Figure 6:  Review of TY 2003 Returns Surveyed by the IRS

 

Number of Returns

Percentage of Surveyed
(12)

Percentage of Sample
(138)

Average Potential Assessment per Return

Returns Surveyed With
No Apparent Basis for Decision

7

58%

5%


$1,888

Returns Surveyed With Apparent Basis for Decision

5

42%

4%

N/A

Source:  Our review of TY 2003 individual tax returns.  N/A = not applicable.

Based on our sample, we estimate an additional 3,873 TY 2003 Forms 1040 had self-employment tax liabilities but were surveyed without justification.  Assuming the examinations would have been closed as no-change returns at the same rate as in Fiscal Year 2006, we estimate the IRS could have assessed approximately $5.3 million more in Social Security and Medicare taxes on 2,816 TY 2003 returns surveyed without justification.[23]

Overall, the significant percentage of unexamined (including surveyed) returns with potential self-employment tax liabilities in our review of TY 2003 returns indicates a need for the IRS to improve its review of returns upon initial receipt for potential self-employment tax liabilities and its selection of returns for audit.  The comparison of current performance statistics for the self-employment tax examination program to those for correspondence examinations in general (see Figure 3) also supports this conclusion. 

Inaccuracies in some of the data used to select returns for audit may contribute to problems with the identification and selection of returns

To obtain a valid sample of 138 TY 2003 returns, we were required to select and review 193 returns because 55 returns that appeared to meet our selection criteria were eliminated from the sample.  Of the 193 total returns reviewed, 30 (16 percent) reported statutory income on Schedule C, but the taxpayers’ records in the W-2 database did not include the code indicating the presence of statutory income.  The failure to properly include this code in the W-2 database could cause returns to be improperly selected for audit and result in increases in the number of examinations closed by survey or as no-change returns.

We also noted a significant problem with assigning Audit Code “V” to returns, which is used by the Code and Edit function at IRS campuses during initial processing to identify returns with income that may be subject to self-employment tax.  Of the 138 returns in our sample of TY 2003 returns, 33 (24 percent) either had Audit Code “V” improperly assigned when a return had no self-employment tax issue or did not have the Code assigned when a self-employment tax issue was present.  The returns that were improperly assigned the Code could have been selected for audit without self-employment tax issues being present, resulting in surveyed or no-change examinations.  Returns that were not assigned the Code may not have been selected for audit, and the proper self-employment taxes would not have been assessed.

Recommendation

Recommendation 2:  The Commissioner, Wage and Investment Division, should strengthen the processes for reviewing returns upon initial receipt for potential unpaid self-employment taxes, especially the processes for including the statutory income indicator in the W-2 database and assigning Audit Code “V” to appropriate returns.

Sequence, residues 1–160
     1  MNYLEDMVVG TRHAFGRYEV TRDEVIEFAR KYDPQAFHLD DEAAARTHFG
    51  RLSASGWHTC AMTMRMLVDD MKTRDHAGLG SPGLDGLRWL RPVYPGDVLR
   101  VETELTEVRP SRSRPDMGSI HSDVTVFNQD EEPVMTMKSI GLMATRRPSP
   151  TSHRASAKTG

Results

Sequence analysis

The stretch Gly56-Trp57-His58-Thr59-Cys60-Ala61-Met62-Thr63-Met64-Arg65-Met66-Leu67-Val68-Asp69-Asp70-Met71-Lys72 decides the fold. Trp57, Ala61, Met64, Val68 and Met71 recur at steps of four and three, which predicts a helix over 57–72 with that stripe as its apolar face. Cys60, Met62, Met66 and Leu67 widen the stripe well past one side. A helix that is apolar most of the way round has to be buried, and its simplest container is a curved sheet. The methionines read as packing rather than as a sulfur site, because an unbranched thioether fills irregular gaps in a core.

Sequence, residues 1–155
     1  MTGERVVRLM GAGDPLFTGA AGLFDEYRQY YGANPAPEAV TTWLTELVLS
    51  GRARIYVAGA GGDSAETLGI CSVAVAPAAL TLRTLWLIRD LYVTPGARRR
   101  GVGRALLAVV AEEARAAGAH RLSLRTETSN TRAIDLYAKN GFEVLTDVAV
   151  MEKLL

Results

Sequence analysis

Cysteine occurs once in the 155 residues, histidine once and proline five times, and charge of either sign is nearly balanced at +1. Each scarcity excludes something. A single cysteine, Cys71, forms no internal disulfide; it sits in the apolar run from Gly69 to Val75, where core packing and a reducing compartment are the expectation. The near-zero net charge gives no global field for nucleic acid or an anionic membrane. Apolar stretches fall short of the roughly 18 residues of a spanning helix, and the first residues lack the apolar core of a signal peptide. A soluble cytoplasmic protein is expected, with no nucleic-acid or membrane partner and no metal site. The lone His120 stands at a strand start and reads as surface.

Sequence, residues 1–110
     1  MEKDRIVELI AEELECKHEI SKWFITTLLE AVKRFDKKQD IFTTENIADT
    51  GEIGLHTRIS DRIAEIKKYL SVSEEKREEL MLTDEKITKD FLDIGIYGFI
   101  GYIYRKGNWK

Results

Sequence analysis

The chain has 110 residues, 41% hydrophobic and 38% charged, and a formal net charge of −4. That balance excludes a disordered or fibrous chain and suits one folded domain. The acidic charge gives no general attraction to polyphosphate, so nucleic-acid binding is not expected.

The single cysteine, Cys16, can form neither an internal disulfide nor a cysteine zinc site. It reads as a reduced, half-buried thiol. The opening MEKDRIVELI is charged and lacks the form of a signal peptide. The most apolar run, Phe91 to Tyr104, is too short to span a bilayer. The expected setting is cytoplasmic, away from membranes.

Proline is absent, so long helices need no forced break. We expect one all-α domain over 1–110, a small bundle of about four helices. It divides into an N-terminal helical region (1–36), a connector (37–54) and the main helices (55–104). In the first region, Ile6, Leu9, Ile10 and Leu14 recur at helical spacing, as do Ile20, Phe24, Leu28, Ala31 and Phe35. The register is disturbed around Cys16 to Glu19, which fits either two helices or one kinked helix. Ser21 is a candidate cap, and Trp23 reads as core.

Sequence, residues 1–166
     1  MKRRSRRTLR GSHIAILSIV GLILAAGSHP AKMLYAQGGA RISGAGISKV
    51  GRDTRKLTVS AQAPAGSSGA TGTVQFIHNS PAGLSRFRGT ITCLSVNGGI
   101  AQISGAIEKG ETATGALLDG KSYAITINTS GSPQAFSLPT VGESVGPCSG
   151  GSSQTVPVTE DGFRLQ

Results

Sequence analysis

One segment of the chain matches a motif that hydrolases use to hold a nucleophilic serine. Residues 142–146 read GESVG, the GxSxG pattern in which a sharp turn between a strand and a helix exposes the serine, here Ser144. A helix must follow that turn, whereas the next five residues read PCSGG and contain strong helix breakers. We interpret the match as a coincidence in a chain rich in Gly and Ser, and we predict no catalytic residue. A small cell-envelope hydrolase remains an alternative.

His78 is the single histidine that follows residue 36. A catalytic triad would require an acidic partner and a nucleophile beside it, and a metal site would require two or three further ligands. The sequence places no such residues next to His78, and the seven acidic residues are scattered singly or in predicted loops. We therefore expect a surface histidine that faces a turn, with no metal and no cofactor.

Management’s Response:  IRS management agreed with this recommendation.  The Director, Submission Processing, Wage and Investment Division, will coordinate with the Learning and Education function to explore the possibility of expanding existing Audit Code “V” editing training in course material to be issued January 1, 2008.

Priority Should Be Given to Initiating Correspondence Examinations for Returns With Significant Amounts of Potential Unpaid Self‑Employment Tax and Refunds Available

We reviewed a statistically valid sample of 138 TY 2003 returns that reported income of $2,000 or more on Form 1040 Schedule C, Schedule F, and/or line 21 (Other income) without a Form 1040 Schedule SE associated with the return.  Of these 138 returns, 35 (25 percent) had potential self-employment tax issues but either were not selected for audit or were surveyed, although the taxpayers had not properly reported self-employment taxes.  As shown in Figure 7, 15 (43 percent) of the 35 returns with potential self-employment tax issues had refunds available to offset all or part of the self-employment tax liabilities.


Figure 7:  Nonexamined TY 2003 Returns With Refunds Available to Offset All or Part of the Potential Self-Employment Tax Liabilities

 

Number of Returns

Total Potential Self-Employment Tax Liability

Returns With Refunds to Offset Self-Employment Tax

Refunds to Offset Self-Employment Tax[24]

Percentage of Self-Employment Tax Liability Offset by Refunds

Returns Surveyed With No Apparent Basis for Decision

7

$13,216

2

$1,087

8%

Nonselected
Returns With Potential Self-Employment Tax

28

$34,089

13

$7,082

21%

Source:  Our review of TY 2003 individual tax returns.

In Figure 7, the 2 surveyed returns had an average potential self-employment tax liability of $1,249 and an average refund of $544 (44 percent) available to offset the unpaid self-employment tax liability.  The 13 nonselected returns had an average potential self-employment tax liability of $1,193 and an average refund of $545 (46 percent) available to offset all or part of the unpaid self-employment tax liabilities.  Our calculation of available refunds did not include the portions of any refunds that exceeded the potential tax liabilities for the returns reviewed (10 returns in the calculation that either were nonselected or had been surveyed had refunds exceeding the potential self-employment tax liabilities).